The 20-year veteran and nine-time All-Star told reporters Sunday he turned down the opportunity to meet with the San Diego Padres and Chicago Cubs regarding their managerial vacancies, according to Dan Martin of the New York Post.
"I just feel like living in New York is the right fit for me," Beltran added. "I feel like I played long enough to have learned the game and I do feel I have a lot of things I can contribute to the clubhouse. Yes, the experience is not there because I have not done it. But I believe it's something that with the opportunity, I can learn."
Beltran spent seven of his most productive seasons as a member of the Mets, memorably finishing fourth in MVP voting following the 2006 campaign. During his tenure in Flushing, the outfielder authored a .280/.369/.500 slash line with 149 home runs and 100 stolen bases.
It wasn't always smooth sailing with the Mets, though, as team owner Fred Wilpon referred to Beltran as a "schmuck" in a 2011 New Yorker profile, adding that he was "not a superstar."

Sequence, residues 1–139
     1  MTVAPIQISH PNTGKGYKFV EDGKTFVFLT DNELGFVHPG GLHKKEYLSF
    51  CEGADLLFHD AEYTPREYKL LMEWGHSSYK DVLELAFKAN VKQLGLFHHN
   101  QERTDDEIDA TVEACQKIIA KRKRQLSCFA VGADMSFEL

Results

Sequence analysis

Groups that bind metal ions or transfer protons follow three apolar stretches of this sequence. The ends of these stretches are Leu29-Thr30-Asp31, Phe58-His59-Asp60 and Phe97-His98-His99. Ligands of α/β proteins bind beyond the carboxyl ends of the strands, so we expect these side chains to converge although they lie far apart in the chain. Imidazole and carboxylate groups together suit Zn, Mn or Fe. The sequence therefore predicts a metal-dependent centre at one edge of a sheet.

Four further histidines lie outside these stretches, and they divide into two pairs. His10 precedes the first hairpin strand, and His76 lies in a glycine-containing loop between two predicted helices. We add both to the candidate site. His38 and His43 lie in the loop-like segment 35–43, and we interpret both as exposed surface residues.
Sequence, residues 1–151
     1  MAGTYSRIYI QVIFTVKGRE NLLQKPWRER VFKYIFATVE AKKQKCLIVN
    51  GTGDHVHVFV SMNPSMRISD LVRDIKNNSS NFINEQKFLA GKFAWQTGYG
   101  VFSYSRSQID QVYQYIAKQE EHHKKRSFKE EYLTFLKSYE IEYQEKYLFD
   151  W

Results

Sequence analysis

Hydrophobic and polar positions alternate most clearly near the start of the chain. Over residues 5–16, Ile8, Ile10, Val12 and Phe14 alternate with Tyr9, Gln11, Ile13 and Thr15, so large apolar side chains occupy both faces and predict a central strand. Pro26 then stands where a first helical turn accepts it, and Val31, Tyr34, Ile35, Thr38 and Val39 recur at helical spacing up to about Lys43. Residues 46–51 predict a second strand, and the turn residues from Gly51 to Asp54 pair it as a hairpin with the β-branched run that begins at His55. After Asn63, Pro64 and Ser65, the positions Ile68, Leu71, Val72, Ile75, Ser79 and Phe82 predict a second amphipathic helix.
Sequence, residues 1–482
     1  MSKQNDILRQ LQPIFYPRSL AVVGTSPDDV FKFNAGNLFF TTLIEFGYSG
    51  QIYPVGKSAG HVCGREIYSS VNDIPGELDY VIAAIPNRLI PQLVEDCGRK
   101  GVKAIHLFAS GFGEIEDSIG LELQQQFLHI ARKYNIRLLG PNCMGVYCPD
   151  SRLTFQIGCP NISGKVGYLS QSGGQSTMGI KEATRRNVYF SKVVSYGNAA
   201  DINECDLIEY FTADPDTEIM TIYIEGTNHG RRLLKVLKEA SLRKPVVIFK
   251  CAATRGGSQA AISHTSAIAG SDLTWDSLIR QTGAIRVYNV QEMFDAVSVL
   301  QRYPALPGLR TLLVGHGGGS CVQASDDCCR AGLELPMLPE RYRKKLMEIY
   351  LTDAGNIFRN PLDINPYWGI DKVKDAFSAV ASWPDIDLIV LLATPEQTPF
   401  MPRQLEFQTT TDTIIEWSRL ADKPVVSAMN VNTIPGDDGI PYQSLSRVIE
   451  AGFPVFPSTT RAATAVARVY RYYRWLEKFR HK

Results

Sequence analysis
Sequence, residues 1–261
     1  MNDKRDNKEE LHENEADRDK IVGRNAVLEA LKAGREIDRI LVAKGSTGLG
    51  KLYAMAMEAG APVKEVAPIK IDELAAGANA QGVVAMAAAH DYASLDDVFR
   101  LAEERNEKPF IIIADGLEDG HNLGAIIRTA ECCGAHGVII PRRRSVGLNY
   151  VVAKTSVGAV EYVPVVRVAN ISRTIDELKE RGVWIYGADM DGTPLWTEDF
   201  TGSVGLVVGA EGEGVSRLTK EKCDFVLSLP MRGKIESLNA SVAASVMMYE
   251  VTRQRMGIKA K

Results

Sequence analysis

While the Wilpons remain in charge of the Mets, Beltran addressed those comments on Sunday, stating he harbors no ill will.
"I don't think you can continue to progress in life if you think about the past," Beltran added. "For me, what happened with the Mets, there were ups and downs, the perception of what the fans thought about me, for me, I'm able to turn that page. After 2011, I showed people I was healthy and could play the game and the negative things said about me, that's not who I am as a person."
The Mets interviewed Beltran last week, but the two-time Silver Slugger and three-time Gold Glove winner couldn't comment due to his current role as an advisor to the New York Yankees.
Following the 2019 season, Mickey Callaway was relieved of his duties after two years as the club's skipper.